Prosecutors in New York are advancing two separate probes into Seven Springs Estate, a 213-acre estate in Westchester County that Donald Trump unsuccessfully attempted to develop in conjunction with the Trump Organization. While not one of the former president's marquee estates, the twin investigations into Trump's sleepy mansion, Associated Press reporter Michael Sisak noted, "could end up being one of his bigger legal nightmares."
Trump originally valued the estate –– which he bought for $7.5 million in 1995 –– at up to $291 million in financial statements that New York prosecutors alleged were given to a variety of lending institutions. There is suspicion that Trump may have inflated the value of the property in order to secure larger loans.
The grand jury subpoena demands access to documents related to Seven Springs' valuations, tax assessments, conservation easements, and tax appeals.
The new subpoenas come amid a three-year-long investigation launched by Manhattan District Attorney Cyrus Vance back in 2018, initially probing the hush-money payments Trump allegedly made to women with whom he'd had extramarital affairs. However, the ambit of Vance's investigation has widened since then, covering possible tax and insurance fraud. Vance is also reportedly probing loans received by several of Trump's flagship Manhattan properties.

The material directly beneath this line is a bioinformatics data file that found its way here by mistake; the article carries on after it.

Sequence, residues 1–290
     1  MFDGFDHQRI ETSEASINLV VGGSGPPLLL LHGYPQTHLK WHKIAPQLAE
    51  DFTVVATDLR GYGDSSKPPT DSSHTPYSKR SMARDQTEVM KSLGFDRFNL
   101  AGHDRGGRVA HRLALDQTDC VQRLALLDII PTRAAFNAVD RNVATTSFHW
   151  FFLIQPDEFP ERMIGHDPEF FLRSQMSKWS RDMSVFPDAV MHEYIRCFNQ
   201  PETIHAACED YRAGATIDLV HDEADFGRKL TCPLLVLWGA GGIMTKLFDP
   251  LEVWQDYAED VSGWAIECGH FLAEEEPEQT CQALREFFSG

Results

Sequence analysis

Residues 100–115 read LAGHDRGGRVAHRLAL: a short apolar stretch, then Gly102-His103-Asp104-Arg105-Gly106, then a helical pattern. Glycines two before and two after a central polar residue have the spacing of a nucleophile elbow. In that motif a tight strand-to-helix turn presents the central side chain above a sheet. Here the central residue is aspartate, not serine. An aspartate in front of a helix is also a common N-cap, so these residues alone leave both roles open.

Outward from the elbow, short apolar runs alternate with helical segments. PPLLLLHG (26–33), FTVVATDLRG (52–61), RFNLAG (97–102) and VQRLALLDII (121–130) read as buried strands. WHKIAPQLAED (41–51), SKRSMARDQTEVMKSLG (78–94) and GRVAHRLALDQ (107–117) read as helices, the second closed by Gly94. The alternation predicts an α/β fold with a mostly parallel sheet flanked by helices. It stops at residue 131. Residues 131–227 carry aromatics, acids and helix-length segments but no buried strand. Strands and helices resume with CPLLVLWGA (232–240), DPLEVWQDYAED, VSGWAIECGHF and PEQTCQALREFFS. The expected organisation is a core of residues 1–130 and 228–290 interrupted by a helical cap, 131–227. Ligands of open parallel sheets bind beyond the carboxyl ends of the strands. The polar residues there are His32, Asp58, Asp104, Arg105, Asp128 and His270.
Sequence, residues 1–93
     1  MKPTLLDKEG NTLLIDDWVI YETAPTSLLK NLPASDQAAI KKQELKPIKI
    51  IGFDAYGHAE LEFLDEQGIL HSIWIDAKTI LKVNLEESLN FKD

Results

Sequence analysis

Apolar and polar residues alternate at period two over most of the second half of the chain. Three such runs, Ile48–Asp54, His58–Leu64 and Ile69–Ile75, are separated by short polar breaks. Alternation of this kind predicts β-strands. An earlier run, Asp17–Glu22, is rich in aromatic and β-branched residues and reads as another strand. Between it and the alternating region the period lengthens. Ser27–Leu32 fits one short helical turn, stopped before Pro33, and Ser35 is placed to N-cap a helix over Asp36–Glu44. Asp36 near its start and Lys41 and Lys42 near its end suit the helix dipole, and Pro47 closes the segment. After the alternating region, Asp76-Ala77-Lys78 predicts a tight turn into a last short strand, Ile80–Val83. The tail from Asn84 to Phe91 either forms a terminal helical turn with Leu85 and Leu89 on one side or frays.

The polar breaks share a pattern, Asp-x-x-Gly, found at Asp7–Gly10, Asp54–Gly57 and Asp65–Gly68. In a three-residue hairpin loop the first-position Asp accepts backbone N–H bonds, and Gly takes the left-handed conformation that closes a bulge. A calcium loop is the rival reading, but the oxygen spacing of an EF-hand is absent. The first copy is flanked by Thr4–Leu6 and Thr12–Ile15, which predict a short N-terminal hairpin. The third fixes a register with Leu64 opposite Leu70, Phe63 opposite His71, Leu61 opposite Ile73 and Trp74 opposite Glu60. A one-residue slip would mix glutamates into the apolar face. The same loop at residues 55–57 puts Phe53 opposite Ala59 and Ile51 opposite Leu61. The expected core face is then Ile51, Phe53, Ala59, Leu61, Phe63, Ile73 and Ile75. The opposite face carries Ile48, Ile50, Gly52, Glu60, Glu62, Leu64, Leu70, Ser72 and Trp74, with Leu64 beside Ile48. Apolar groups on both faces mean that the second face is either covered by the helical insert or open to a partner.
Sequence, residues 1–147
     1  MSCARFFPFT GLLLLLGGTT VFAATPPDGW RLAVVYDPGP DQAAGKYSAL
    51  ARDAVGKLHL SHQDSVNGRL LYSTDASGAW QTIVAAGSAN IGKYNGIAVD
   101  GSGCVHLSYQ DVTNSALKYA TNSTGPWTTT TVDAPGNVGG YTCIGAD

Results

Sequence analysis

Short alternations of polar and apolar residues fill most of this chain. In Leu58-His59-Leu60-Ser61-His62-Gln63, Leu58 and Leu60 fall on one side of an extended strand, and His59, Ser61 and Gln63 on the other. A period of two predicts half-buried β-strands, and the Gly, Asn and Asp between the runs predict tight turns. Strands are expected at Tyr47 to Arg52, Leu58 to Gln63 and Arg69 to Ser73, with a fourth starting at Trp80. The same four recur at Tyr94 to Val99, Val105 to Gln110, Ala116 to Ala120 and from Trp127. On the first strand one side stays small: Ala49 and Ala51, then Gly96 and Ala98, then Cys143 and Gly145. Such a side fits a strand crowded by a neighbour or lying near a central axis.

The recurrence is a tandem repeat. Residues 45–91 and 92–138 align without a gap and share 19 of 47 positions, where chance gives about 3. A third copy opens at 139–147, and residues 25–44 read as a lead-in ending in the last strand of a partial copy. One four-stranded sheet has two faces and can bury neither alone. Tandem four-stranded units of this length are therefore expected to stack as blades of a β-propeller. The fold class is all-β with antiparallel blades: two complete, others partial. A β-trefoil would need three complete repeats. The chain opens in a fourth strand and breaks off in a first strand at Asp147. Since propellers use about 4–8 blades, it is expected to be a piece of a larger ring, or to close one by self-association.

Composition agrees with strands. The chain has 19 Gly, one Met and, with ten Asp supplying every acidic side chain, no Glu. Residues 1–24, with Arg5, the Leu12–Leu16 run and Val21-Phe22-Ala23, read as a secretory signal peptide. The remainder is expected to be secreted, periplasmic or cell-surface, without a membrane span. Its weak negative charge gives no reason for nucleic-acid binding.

Last year, Trump's legal team repeatedly asked the U.S. Supreme Court to block Vance's probe, but the Court has since shot down his efforts. The Wall Street Journal reports that Vance has now issued new subpoenas requesting recordings of government meetings in which the development of Seven Spring was discussed.
New York Attorney General Letitia James is also conducting a civil probe into the Trump Organization. James' office has indicated that 2015 court documents show Seven Springs received a $21.1 million tax deduction. Her office is "seeking information concerning whether the Trump Organization and its agents improperly inflated, or caused to be improperly inflated, the value of the Seven Springs Estate."
"Valuations of Seven Springs were used in connection with an appraisal….to claim an apparent $21.1 million tax deduction for donating a conservation easement on the property in tax year 2015, and in submissions to financial institutions as a component of Mr. Trump's net worth," James's office wrote back in August of last year.
The engineer of the estate, Ralph Mastromonaco, told CBS News that the Trump Organization attempted to get approval for a luxury subdivision, an effort that dates back to at least 2004 and continued through 2015.
By 2015, after Trump failed to secure the necessary zoning permits, the Trump Organization had reportedly nixed the plans, instead opting to put 158 acres of the estate's land in a conservation easement, which yielded the $21.1 million tax deduction.
The New York Attorney General's office alleged back Aug. 2020 that the Trump Organization refused "to produce records sufficient to show how a $21.1 million apparent tax deduction in connection with the Seven Springs conservation easement was reflected on applicable tax returns."